The third apex in Virginia’s historic triangle, Colonial Williamsburg is said to be the nation’s largest outdoor living history museum. You’ll find a blacksmith’s shop, folk art, baby lambs, horse-drawn carriage rides, an arboretum and more. From April 7 to 30, attend a “garden-glow” light show at the Governor’s Palace. And discover a new offering to be launched in April, called Intersections, offering a glimpse into the daily life of the inhabitants of the 18th century.
Cass Scenic Railroad State Park
Cass, West Virginia
The country’s only surviving logging town has been a park since 1961. You can take an 11-mile train ride; eat a simple lunch at the Last Run restaurant, which is located in what was the 1902 Cass Company store; then take a self-guided tour of the restored town of Cass, where you’ll find preserved structures including two-story logging houses, wooden walkways, a hotel, Masonic lodge, church, and jail. (And for another train adventure, head to West Virginia’s Potomac Eagle Scenic Railroad.)
Who doesn’t love a good ghost story? You’ll find plenty of that, and much of America’s history, at Hollywood Cemetery, which in the spring turns into a picturesque display of flowering trees and shrubs. Hollywood is the final resting place of two US presidents, several former governors of Virginia, and countless other personalities. Learn more about Hollywood, as well as notable DMV burial sites (including Edgar Allen Poe’s grave in Baltimore) here.
Historic St. Mary’s
St. Mary’s County, Maryland
This area of Maryland’s east coast is brimming with colonial history, from an 1800s jail (now the Old Jail Museum); Historic St. Mary’s City, a 70-acre outdoor historical exhibit and archaeological site on the banks of the St. Mary’s River; and the St. Clement Island Museum, which explains the English political and religious climate that motivated the Calverts to cross the Atlantic in search of a new home.
There’s always plenty to discover at Monticello, the longtime home of chief architect and former President Thomas Jefferson. Take a tour that explores slave life on the 5,000-acre former plantation, as well as one that passes through the estate’s gardens and grounds. And check their website for special events—including a look at the history of mac and cheese on April 23.
Pennsylvania Railroad Museum
This Smithsonian-affiliated institution houses one of the largest collections of historic railroad artifacts in the world and is dedicated to preserving and interpreting the general impact of rail development on society. Visitors can see more than 100 locomotives and wagons from the mid-19th and 20th centuries, and learn about a steam locomotive, a caboose and a passenger car. Set on 18 acres, the museum includes a 100,000 square foot exhibit hall.
For outdoor fun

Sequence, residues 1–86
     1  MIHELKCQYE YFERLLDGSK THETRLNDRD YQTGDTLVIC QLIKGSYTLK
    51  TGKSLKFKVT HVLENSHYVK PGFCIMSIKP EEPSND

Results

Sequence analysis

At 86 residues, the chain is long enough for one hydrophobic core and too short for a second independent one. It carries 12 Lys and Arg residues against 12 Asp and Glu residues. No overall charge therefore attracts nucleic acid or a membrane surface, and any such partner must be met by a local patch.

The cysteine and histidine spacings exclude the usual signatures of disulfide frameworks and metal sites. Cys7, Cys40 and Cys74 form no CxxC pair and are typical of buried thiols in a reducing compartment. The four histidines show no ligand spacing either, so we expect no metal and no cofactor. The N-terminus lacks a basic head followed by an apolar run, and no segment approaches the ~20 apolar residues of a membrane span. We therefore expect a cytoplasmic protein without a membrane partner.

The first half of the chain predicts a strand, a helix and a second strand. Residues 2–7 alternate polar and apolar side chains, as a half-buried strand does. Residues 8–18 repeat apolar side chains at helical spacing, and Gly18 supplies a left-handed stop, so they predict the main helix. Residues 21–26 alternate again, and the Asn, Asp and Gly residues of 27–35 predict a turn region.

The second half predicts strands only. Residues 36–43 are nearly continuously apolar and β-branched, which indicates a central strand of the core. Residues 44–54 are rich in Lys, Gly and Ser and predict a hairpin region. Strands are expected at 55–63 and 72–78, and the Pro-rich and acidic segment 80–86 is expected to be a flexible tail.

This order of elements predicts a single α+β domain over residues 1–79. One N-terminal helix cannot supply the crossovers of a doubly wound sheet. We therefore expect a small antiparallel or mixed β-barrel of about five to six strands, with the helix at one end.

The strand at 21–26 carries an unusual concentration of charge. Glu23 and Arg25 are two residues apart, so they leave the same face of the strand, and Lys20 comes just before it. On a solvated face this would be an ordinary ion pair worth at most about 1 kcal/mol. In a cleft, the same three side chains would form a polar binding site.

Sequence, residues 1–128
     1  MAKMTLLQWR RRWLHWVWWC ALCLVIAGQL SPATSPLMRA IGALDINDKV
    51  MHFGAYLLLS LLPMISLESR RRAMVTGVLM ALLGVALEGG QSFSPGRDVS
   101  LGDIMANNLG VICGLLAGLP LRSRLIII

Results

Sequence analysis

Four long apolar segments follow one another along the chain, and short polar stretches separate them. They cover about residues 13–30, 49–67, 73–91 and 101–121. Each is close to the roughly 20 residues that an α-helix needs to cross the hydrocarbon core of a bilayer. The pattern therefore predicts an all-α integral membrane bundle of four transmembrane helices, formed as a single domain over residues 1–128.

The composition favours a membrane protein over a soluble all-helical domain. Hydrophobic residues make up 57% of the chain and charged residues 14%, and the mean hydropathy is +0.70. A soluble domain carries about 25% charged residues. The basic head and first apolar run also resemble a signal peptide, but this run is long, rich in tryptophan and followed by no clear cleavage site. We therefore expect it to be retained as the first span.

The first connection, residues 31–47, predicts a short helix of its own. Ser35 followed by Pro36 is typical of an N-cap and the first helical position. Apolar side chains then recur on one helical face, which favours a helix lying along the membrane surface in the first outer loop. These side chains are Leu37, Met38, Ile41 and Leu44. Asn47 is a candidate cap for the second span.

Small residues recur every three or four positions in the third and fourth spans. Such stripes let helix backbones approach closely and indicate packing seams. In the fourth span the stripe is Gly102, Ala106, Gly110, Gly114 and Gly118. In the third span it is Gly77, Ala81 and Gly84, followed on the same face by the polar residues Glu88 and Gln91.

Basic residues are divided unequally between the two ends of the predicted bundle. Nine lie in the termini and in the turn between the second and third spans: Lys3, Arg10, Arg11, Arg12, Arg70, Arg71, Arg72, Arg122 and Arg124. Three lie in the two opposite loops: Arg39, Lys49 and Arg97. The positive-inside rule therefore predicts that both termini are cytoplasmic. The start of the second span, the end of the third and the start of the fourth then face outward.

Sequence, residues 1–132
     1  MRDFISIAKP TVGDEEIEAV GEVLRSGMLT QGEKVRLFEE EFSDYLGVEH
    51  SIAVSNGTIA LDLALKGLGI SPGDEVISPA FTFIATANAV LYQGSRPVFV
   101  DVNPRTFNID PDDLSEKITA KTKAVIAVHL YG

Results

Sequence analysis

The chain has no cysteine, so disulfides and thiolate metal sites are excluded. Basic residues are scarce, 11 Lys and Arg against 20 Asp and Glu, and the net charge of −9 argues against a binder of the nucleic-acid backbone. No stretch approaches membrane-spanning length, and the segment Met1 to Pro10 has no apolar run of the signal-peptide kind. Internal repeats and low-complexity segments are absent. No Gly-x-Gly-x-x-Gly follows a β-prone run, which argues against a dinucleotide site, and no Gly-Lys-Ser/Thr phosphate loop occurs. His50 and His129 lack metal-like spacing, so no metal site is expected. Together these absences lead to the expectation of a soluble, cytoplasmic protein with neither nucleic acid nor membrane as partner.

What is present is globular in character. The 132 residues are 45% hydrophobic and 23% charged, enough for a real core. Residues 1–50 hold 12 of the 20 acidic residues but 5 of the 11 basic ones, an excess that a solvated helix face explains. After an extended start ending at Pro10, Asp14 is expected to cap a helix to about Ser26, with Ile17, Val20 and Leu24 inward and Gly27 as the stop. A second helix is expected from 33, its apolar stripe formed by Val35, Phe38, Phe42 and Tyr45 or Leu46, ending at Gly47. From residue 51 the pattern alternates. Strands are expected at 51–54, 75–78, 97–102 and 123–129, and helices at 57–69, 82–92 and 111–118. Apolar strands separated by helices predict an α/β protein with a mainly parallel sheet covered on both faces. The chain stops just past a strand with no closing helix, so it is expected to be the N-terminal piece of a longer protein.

White Sulfur Springs, West Virginia
This historic resort (it’s on the National Register of Historic Places) not only offers a scenic place to get away from the hustle and bustle of Washington, but more than 55 indoor and outdoor activities. Choose to play paintball, kayak, horseback ride or climb the alpine climbing tower. And if you’re looking for a solid weekend of Easter activities for your kids during your stay, the resort also offers an Easter package.
Chincoteague and Assateague Islands
Virginia and Maryland
Some 1.5 million people visit the Chincoteague National Wildlife Refuge each year, but the wild ponies aren’t the only attraction on these rustic and relatively undeveloped barrier islands. The folksy Chincoteague Easter Decoy & Art Festival, held at the Chincoteague Combined School, is a traditional rite of spring on Virginia’s east coast, with special prizes for best sculpture display and best art display.
Fly fishing at Rose River Farm
Ever wanted to try fly fishing? At Rose River Farm, you can fly-fish trout for $95 per rod per day and rent one of three yurts, each offering four double beds, a full kitchen, two full bathrooms, a rig office of flies and the use of the pond and surrounding land, if one day is not enough. The farm also provides guides (for a fee) and half-day and full-day fishing trips that include fly fishing tackle and tethers. Other nearby activities in the area include horseback riding, hiking, kayaking and local wine tours. More details here.
Cornerstone Farm B&B
Red oak, Virginia
The whole family can help with household chores such as milking cows, collecting fresh eggs and feeding baby animals on this working farm. Other activities include goat milk soap and goat cheese making, as well as nature walks and horseback riding. A three-night minimum stay is required, and guests enjoy a full country breakfast, light lunch, and dinner.